Apple orders immediate removal as source code for iBoot, a vital iOS program, gets posted online on GitHub
Apple is in the middle of a serious security scare after the source code for iBoot was anonymously posted on GitHub.
The development is extremely serious, as iBoot is a critical component of the iPad and iPhone’s operating system. Hackers and security researchers could use it to find vulnerabilities in the iOS operating system or make jailbreaking iOS devices easier.
It has led Apple to quickly file a copyright takedown request with GitHub in an effort to force the company to remove the code.
The discovery of the iBoot source code on GitHub was first noticed by security website Motherboard.
It said that the iBoot source code is the part of iOS that is responsible for ensuring a trusted boot of the operating system. In summary, it is the program that loads iOS, and is the first program that runs when an iOS device is booted up.
It loads and verifies the kernel is properly signed by Apple and then executes it. Essentially, it is like the BIOS code found in PCs.
According to Motherboard, the iBoot source code says it is for iOS 9, but portions of it are highly likely to be still in use in iOS 11.
It is reported that Apple has in the past been reluctant to release source code to the public, although it has made certain parts of iOS and MacOS open source in recent years. That said, iBoot is highly sensitive code, and Apple apparently pays up to $200,000 under its bug bounty program to anyone who discovers bugs in the boot up procedure.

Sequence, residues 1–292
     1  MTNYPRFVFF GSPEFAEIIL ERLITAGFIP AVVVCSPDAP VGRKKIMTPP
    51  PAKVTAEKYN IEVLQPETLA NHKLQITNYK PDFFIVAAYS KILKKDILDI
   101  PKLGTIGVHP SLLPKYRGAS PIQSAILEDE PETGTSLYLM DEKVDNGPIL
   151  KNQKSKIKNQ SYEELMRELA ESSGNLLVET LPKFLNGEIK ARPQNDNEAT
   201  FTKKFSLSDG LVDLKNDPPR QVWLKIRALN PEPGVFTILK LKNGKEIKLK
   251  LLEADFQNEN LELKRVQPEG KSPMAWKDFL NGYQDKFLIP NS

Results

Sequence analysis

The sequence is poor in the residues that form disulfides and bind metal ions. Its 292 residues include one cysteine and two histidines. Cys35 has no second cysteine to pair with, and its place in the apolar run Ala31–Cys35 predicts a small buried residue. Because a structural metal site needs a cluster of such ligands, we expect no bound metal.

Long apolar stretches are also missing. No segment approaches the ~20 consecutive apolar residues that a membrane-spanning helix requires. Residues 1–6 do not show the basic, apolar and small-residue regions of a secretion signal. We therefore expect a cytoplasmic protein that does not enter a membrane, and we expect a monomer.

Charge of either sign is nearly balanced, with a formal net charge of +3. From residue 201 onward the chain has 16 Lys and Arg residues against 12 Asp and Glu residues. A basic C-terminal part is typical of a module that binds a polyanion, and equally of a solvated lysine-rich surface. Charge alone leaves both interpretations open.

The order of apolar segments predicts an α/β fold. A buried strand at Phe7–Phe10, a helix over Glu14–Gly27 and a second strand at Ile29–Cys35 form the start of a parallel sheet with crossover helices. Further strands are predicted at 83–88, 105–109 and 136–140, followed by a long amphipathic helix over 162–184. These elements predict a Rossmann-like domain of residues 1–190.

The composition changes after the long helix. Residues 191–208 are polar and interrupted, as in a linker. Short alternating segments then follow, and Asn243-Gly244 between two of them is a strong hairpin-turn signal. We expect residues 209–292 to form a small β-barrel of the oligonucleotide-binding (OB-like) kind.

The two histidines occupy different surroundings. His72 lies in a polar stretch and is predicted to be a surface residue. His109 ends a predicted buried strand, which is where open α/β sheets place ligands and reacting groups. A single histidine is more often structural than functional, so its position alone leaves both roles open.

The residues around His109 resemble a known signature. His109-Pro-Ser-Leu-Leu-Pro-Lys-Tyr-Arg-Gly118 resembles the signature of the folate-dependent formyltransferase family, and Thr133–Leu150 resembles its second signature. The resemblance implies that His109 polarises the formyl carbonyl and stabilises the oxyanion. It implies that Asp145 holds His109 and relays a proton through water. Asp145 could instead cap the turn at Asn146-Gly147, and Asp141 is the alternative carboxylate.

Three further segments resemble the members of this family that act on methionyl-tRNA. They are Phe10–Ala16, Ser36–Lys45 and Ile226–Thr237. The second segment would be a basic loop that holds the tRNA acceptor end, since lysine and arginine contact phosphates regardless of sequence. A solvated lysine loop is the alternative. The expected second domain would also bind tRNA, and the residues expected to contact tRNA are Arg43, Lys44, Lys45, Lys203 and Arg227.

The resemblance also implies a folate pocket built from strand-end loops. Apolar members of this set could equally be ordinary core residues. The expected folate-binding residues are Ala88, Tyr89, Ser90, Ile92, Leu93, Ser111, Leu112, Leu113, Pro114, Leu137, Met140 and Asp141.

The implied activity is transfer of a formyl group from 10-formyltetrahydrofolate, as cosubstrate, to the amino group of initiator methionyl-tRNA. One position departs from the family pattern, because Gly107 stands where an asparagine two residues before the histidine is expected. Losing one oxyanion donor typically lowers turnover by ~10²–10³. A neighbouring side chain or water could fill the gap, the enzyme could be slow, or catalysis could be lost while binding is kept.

“This is the biggest leak in history,” Jonathan Levin, the author of a series of books on iOS and Mac OSX internals, told Motherboard in an online chat. “It’s a huge deal.”
Levin said the code appears to be the real iBoot code because it aligns with code he reverse engineered himself. A second security researcher also said they believe the code is real.
It is not known who has leaked the source code, but there is sure to be investigation at Apple HQ.
And in a sign of serious the matter is, within hours of the leak being discovered, Apple filed a legal notice demanding that GitHub remove the source code.
“The ‘iBoot’ source code is proprietary and it includes Apple’s copyright notice. It is not open-source,” said the legal document.
At the time of writing on late Friday morning, it seems that GitHub has taken down the offending web pages.
In late November for example, a root flaw came to light that anyone running an Apple Mac with version 10.13. and 10.13.1 of its latest operating system (i.e High Sierra), could be exposed to a serious flaw with admin privileges.
Essentially, the flaw could have allowed admin access to Apple Macs by using the username ‘root’ and no password, which bypasses (in some cases remotely) local security settings.
Apple compounded the problem when it rushed out a patch within 18 hours of the flaw being reported. But it was found that the fix did not actually fix the problem, as the bug returns if Mac owners upgrade to the latest version of High Sierra after they have applied the patch.
And last October a flaw was discovered that could have allowed anyone to gain access to encrypted hard disk volumes on Mac OS. That issue meant that when a user requested a password hint for certain encrypted volumes the operating system instead displayed the entire password.
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